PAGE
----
Resources

A multi-source collection of readings, tools, videos, and webinars to help you understand and implement Zero Suicide.

Displaying 1 - 14 of 14
Identify | PDF

A concise explainer of the research base for the Identify element of the Zero Suicide approach.

Lead | Web

In this podcast trilogy, Rocky Mountain Short host Adam Hoffberg interviews three key Zero Suicide Champions who attended the 50th annual American Association of Suicidology conference. 

In "An Introduction to the Zero Suicide Initiative," Julie Goldstein-Grumet, who oversees the Zero Suicide Institute in her role as the Director of Health and Behavioral Health Initiatives at the Suicide Prevention Resource Center, discusses the foundation of Zero Suicide. She offers strategic direction to improve the effectiveness of behavioral health, clinical care, and primary care providers to recognize and respond to suicide emergencies.

Anthony Pisani of the University of Rochester Center for the Study and Prevention of Suicide discusses his model for suicide safer care, prevention-oriented risk formulation, and the need for a common framework for assessing, communicating, and responding to suicide risk for clinicians, patients, and the medical record in "A New Take on Zero Suicide and Risk Formulation."

Speaking from the Henry For Health System Center for Health Services Research, Brian Ahmandani discusses how the Zero Suicide initiative fits with the Center's investigation of ways to improve the quality, efficiency, and equality of health care. "Suicide Prevention in Health Systems" also discusses recent research findings on suicide preventions in health systems.

Identify | Web

Pisani, A. R., Murrie, D. C., & Silverman, M. M. (2015). Reformulating Suicide Risk Formulation: From Prediction to Prevention. Academic Psychiatry, 1–7. 

Identify | Web

Posner, K., Brown, G. K., Stanley, B., Brent, D. A., Yershova, K. V., Oquendo, M., . . . Mann, J. J. (2011). The Columbia-Suicide Severity Rating Scale (C-SSRS): Initial validity and internal consistency findings from three multi-site studies with adolescents and adults. American Journal of Psychiatry, 168(12): 1233–1234.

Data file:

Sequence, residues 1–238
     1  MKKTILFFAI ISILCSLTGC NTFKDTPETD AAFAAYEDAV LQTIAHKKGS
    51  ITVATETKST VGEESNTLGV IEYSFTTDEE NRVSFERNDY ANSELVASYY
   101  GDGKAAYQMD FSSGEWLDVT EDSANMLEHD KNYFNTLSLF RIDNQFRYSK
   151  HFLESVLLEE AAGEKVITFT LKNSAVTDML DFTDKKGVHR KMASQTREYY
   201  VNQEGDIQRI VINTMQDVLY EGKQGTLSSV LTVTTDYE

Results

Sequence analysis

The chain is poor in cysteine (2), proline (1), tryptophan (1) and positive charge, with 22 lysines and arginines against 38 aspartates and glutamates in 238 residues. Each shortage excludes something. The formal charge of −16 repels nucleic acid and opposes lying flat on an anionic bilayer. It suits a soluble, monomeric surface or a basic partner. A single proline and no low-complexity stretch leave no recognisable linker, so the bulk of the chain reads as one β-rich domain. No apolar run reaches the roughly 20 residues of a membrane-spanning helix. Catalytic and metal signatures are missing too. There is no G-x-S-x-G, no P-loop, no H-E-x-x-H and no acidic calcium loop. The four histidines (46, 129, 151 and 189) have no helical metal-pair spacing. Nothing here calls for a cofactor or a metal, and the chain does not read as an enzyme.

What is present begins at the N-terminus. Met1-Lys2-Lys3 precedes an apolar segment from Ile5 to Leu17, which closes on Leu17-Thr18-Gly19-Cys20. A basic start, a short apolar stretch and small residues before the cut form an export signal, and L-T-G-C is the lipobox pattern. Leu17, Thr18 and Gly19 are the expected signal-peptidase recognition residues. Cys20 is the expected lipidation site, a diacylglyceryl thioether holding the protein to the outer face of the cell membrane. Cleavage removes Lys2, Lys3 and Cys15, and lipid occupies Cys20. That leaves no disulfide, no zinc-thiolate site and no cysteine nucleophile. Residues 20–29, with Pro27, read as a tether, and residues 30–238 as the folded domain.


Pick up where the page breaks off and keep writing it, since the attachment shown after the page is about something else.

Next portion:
Identify | Web

Douglas, K. S., & Skeem, J. L. (2005). Violence risk assessment: Getting specific about being dynamic. Psychology, Public Policy, and Law, 11(3), 347.

Identify | Web

Bryan, C. J., & Rudd, M. D. (2006). Advances in the assessment of suicide risk. Journal of Clinical Psychology, 62(2), 185–200.

Identify | Web

Berman, A. L., & Silverman, M. M. (2014). Suicide risk assessment and risk formulation part II: Suicide risk formulation and the determination of levels of risk. Suicide and Life-Threatening Behavior, 44(4), 432–443.

Identify | Web

Silverman, M. M., & Berman, A. L. (2014). Suicide risk assessment and risk formulation part I: A focus on suicide ideation in assessing suicide risk. Suicide and Life-Threatening Behavior, 44(4), 420–431.

Identify | Web

This document serves as a resource guide, using the SAFE-T protocol as a centerpiece, to facilitate implementation of the Joint Commission patient safety goal on suicide.

Identify | Web

This report reviews evidence about suicide risk factors and suicide risk assessment tools to inform practice guidelines for clinicians serving veterans and military populations. However, much of the information is also applicable to the general adult population.

Identify | Web

These comprehensive guidelines outline a framework for structured assessment of adults suspected to be at risk of suicide and the immediate and long-term management and treatment that should follow if an individual is found to be at risk. A summary version is available at this link: http://www.healthquality.va.gov/guidelines/MH/srb/VASuicideAssessmentSummaryPRINT.pdf

Identify | Web

Fowler , J. C. (2012). Suicide risk assessment in clinical practice: Pragmatic guidelines for imperfect assessments. Psychotherapy49(1), 81–90. 

Identify | Web

Simon , G. E., Rutter, C. M., Peterson, D., Oliver, M., Whiteside, U., Operskalski, B., & Ludman, E. J. (2013). Does response on the PHQ-9 Depression Questionnaire predict subsequent suicide attempt or suicide death? Psychiatric Services, 64(12), 1195–1202.

Identify | Web

This publication introduces two approaches to evaluating suicide risk and provides links to resources that offer additional guidance on choosing and implementing suicide screening and assessment programs.

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SPRC and the National Action Alliance for Suicide Prevention are able to make this web site available thanks to support from Universal Health Services (UHS) and the Substance Abuse and Mental Health Services Administration (SAMHSA), U.S. Department of Health and Human Services (DHHS) (grant 1 U79 SM0559945).

No official endorsement by SAMHSA, DHHS, or UHS for the information on this web site is intended or should be inferred.